How to prevent being flagged as a SPAM caller
    • 06 Nov 2023
    • 2 Minutes to read
    • Dark
    • PDF

    How to prevent being flagged as a SPAM caller

    • Dark
    • PDF
    • New

    Article Summary

    The article explains the basics of the "SPAM likely" warning that appears on phones when calls are flagged as potentially fraudulent. It outlines three scenarios that can trigger this label, such as calls originating from multiple locations or high volume activity without connections. The article also provides tips on how to prevent being flagged, such as registering with analytic providers and carriers, and validating phone numbers with Dialpad.

    Have you ever picked up your phone, only to see the "SPAM likely" warning?

    This label is designated by the telephone carrier, in an attempt to protect people from robocalls and potential fraud. Common triggers include calls originating from multiple locations (perhaps you have a variety of local numbers) or high-volume activity without connections. These activities are certainly not fraudulent, yet, when viewed at the network level, such events appear similar to illegal robocalling activities and so your call is flagged and goes straight to your client's voicemail.

    Let's go over the basics of the SPAM label and how you can avoid being flagged as a "SPAM likely" caller. 

    Who does this apply to?

    All American and Canadian Dialpad Ai Voice, Meetings, Ai Sales, and Contact Center customers on the Standard, Pro, and Enterprise plans.

    Why are my calls getting flagged?

    On March 31, 2020, FCC issued a mandate known as STIR/SHAKEN to combat spoofed calls. In conjunction with this mandate, each mobile carrier has implemented its own unique plan, and set of perimeters, to determine if calls are spoofed or spam. The networks have your client's best interest at heart, but unfortunately for businesses, it means that there can sometimes be false labeling.

    The following 3 scenarios can trigger a call as "SPAM Likely"

    1. The outbound call does not have attestation level “A” (STIR/SHAKEN)
    2. Crowdsourcing where mobile recipients have marked the call as spam
    3. A "suspicious" call pattern: 
      • The phone number was recently ported
      • The company has calls originating from multiple locations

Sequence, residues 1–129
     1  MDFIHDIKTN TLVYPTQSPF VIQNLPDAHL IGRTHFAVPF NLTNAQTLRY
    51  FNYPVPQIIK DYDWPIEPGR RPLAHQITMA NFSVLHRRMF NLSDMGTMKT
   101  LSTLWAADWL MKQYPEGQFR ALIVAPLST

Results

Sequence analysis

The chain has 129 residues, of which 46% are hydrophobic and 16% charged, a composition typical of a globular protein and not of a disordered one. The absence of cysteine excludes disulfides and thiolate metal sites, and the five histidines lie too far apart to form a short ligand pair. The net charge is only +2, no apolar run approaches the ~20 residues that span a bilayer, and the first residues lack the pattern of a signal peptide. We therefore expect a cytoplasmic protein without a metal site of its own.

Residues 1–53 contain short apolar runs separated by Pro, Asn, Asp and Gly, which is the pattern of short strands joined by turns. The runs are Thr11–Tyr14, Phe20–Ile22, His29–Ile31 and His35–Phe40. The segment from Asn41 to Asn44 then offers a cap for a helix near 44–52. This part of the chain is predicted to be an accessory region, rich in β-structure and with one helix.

• A high volume of outbound call activity without connections
      • Specific timing of calls
    Each mobile carrier and landline provider has their own methods for determining if a call is deemed "spam likely". These algorithms are not published (to ensure they are not hacked), though Dialpad has noticed that the algorithms have become much more sensitive since June 2022.

    How do I prevent being flagged as a spam caller?

    For American and Canadian users, we encourage you to register your numbers with your Analytic Providers, as well as the Carriers and Databases.

    Click the links below to connect with the spam departments of the most popular North American carriers.

    Additionally, validates that you are a legitimate business and verifies your calling numbers.


    If you would like to add another level of prevention against being mislabeled, we encourage you to proactively register your numbers as legitimate use cases by signing up with the Free Caller Registry portal. Major North American mobile carriers (such as T-Mobile, AT&T, and Verizon) work with their partnered Analytics Engines to allow callers to register their traffic within all of their systems simultaneously and easily. 

    What is Dialpad doing about it?

    Dialpad validates your phone numbers in conjunction with the STIR/SHAKEN call authentication standards, ensuring they have attestation level “A”. 

    This means your outbound phone call is verified using our digital certificates, and your account details will be associated with the call. 

    Our registration process doesn’t guarantee that your calls won’t ever be blocked or labeled, however, it is intended to greatly reduce the risk of it happening.

    Was this article helpful?